Two of the top competitors in the Iditarod Trail Sled Dog Race were run down by a snowmobile on a remote section of the Yukon River early Saturday in what Alaska authorities are calling a deliberate attack.
The incident left one dog dead and several more injured, at least one seriously. The mushers themselves were shaken but escaped injury.
A man from the village of Nulato, near the scene of the attacks, was arrested shortly before noon Saturday, Alaska State Troopers said.
Arnold Demoski, 26, was charged with assault, reckless endangerment, reckless driving and criminal mischief.
Four-time Iditarod champ Jeff King, who was running one of the teams involved, said the snowmobile authorities believe Demoski was driving went through his team at high speed outside Nulato.
“He went by at 80, 90 mph, never slowed down. His snow machine cowling flew off, and he was gone,” King told KNOM public radio. “It really felt like reckless bravado and playing chicken.”
The 59-year-old musher, a veteran of 25 races and still a contender despite his age, said he tried to save his most seriously injured dog, a 3-year-old Alaskan Husky named Nash, but couldn’t.
“Several of my dogs were hit. One was killed; one’s leg was broken, appears broken; and one is in serious condition with shock and impact,” King said.
From trooper accounts, it appears the snowmobile first struck the team of Aliy Zirkle, a two-time Iditarod runner-up from Fairbanks, in the dark of night Friday, then sped down the Iditarod trail along the frozen Yukon River and slammed into King’s team.
Zirkle told a race official in Nulato that she thought someone was trying to kill her.
Unlike the encounter with King, which involved only one run through his dog team, troopers reported that the snowmobile first hit Zirkle’s dog sled on the side about five miles below the village of Koyukuk. It then turned around and made several more passes at her sled before driving away.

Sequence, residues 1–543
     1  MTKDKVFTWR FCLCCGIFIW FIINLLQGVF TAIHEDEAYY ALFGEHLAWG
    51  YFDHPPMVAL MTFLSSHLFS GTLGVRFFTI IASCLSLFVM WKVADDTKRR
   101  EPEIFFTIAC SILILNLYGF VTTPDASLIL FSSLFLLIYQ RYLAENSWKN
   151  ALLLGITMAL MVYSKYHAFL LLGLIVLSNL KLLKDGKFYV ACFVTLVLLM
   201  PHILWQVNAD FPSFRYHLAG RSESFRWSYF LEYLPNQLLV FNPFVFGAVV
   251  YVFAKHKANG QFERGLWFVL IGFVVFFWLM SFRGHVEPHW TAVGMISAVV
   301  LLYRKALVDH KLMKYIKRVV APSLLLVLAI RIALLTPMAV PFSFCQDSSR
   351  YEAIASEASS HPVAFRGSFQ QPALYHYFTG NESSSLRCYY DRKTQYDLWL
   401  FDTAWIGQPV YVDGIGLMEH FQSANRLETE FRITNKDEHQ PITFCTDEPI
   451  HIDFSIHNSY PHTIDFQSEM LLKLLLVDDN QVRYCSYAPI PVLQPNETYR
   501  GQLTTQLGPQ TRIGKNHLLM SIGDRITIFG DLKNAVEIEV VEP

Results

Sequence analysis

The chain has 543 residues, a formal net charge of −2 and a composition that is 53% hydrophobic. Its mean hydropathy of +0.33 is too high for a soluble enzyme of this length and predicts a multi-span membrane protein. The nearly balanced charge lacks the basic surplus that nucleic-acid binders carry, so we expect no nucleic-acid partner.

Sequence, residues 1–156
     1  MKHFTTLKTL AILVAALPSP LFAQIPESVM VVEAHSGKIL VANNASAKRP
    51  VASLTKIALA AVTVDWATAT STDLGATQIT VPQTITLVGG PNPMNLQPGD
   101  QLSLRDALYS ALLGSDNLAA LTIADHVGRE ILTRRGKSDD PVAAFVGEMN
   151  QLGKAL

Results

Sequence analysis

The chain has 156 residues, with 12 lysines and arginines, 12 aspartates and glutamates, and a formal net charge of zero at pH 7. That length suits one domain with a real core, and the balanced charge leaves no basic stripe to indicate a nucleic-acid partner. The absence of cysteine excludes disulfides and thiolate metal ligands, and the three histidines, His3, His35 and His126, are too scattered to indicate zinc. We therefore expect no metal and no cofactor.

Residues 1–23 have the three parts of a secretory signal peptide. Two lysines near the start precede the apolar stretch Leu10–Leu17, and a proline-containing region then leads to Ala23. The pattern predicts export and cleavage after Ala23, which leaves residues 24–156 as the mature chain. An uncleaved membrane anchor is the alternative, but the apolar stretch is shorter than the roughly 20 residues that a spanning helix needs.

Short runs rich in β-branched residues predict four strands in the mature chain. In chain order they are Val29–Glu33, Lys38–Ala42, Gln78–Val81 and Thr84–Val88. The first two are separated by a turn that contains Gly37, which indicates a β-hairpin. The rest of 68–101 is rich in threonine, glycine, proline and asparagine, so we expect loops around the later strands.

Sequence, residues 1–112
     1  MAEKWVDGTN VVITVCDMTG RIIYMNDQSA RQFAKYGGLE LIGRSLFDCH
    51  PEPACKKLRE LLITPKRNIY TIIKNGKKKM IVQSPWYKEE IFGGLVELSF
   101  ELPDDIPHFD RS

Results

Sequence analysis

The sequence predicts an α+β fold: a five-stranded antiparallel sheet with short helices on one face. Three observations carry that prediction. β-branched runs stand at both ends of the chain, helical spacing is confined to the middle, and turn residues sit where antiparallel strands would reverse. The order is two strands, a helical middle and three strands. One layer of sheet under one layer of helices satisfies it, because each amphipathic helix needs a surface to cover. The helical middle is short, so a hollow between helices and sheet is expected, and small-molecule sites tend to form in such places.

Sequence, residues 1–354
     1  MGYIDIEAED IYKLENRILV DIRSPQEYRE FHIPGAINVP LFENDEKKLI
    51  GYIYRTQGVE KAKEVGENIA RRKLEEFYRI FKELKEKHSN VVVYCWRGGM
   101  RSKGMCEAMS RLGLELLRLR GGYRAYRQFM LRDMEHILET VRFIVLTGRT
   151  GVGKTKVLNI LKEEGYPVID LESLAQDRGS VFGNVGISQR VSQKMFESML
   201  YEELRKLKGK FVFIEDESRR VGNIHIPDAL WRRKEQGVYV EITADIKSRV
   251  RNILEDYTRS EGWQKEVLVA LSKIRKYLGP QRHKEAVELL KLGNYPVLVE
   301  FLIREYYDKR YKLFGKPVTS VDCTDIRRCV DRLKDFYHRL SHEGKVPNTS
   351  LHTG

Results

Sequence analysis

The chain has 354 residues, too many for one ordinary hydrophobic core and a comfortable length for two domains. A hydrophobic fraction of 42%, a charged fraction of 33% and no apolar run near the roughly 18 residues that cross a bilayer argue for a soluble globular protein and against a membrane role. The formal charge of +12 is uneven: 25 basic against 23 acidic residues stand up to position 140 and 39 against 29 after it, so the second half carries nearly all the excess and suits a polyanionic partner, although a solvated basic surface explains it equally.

As Zirkle continued along the trail from Koyukuk toward Nulato, troopers reported, the snow machine came back, “revved up” and pointed at her before leaving the area. It then apparently returned to Nulato.
At the time of the attack, Zirkle was running third in the race on the trail out of Galena with King just behind. She remains in the race and left Nulato still in third-place. King stopped in the village and had fallen to eighth with other teams leaving in front of him. He planned to continue down the trail after seeing to it that his injured dogs were being properly tended.
All Iditarod checkpoints are manned by volunteer veterinarians who were treating the injured animals.
Nulato is a predominately Athabaskan Native community of about 350 people. As with many village communities in the 49th state, it struggles with unemployment and alcohol and drug abuse.
Demoski told Alaska Dispatch News that he was blacked out from drinking at the time of the incident, but insisted it was not a deliberate attack.
“I don’t care if people know if I was drinking and driving,” he said. “I’m really glad [Zirkle] and [King] are OK, and I really feel sorry for Nash.”
He said he hadn’t realized what had happened until Saturday morning, when he awoke, heard about what had happened, and saw his snowmobile damaged.
“I knew it was me right off the bat. I called the [village public safety officer] right off, told him it was me. I told him I’d do whatever they wanted me to do…I feel really bad for what I did.”
Eight years ago, a dog in the Iditarod team of Minnesota musher Blake Freking was killed when hit by a snowmobile on the trail between Koyukuk and Nulato, but that incident was said to be an accident.
There have been other Iditarod dogs injured and killed in collisions with snow machines, but all were accidents. Troopers say an intentional attack would be unprecedented.